School of Interactive Computing Ph.D. student Amber Solomon was awarded with the Alfred P. Sloan Minority Graduate Scholarship, which provides three years of support for students who have recently completed the Ph.D. qualifying exam.
Georgia Tech Sloan Fellows receive a stipend supplement of $10,000 per year for three years, which is added to the other funding the student is currently receiving. They also receive a professional development fund of $10,000 to be used over the three years of the award on expenses like books and journals, professional travel, and direct research costs. They receive inclusion in academic and career enrichment, mentoring, and retention activities conducted by the Georgia Tech University Center of Exemplary Mentoring.
The program is sponsored by the Alfred P. Sloan Foundation and seeks to increase the number of outstanding engineering Ph.D. graduates from under-represented populations. To be eligible for the award, the student must be in either the College of Engineering or the College of Computing, a U.S. citizen, and have passed the qualifying exam within the past 12 months.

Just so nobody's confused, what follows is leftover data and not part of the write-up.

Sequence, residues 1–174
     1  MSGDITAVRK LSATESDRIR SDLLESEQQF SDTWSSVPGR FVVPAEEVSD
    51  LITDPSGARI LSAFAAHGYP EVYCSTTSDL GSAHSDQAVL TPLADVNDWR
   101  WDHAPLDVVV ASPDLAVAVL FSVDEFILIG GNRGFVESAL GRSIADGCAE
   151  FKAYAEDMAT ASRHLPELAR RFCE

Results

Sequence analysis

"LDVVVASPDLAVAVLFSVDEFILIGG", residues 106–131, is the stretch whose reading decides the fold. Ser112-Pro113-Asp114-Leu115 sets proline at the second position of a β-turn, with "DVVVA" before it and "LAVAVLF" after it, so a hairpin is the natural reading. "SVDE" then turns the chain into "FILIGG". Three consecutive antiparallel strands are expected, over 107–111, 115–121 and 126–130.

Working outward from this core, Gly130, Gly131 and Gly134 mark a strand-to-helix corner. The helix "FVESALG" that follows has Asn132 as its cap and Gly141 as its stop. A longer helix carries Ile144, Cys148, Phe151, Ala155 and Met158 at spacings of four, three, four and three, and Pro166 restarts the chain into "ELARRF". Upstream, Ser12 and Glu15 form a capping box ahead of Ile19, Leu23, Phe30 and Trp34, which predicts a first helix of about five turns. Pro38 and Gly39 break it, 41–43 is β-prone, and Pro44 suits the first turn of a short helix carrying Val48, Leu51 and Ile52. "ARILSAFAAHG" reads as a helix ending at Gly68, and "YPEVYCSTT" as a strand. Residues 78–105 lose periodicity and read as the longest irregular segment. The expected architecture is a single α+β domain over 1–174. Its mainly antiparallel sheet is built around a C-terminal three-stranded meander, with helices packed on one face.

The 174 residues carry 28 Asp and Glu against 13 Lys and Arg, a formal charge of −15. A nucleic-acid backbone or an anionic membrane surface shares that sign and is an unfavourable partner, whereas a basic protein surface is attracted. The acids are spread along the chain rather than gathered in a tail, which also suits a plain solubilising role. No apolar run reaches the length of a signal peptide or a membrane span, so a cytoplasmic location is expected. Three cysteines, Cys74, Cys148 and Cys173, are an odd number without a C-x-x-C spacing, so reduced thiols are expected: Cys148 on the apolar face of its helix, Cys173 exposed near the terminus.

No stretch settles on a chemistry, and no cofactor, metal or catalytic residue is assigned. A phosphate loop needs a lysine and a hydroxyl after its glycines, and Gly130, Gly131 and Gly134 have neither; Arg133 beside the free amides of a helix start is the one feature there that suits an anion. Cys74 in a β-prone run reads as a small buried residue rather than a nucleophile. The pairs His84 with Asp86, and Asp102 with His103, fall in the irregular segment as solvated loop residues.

“It’s a great honor to win,” Solomon said. “Sloan is nationwide, and I competed against the best students from top-tier schools like MIT and Cornell. I am really grateful to have the money it provides for professional development.”
Solomon is in her third year pursuing a Ph.D. in Human-Centered Computing, working with advisors Betsy DiSalvo and Mark Guzdial. She started in fall 2015 and hopes to finish in 2020. Her research is in computing education, and she is interested in advancing the understanding the role of spatial reasoning in learning computing. She hopes that by exploring this role more diverse students can succeed in computing.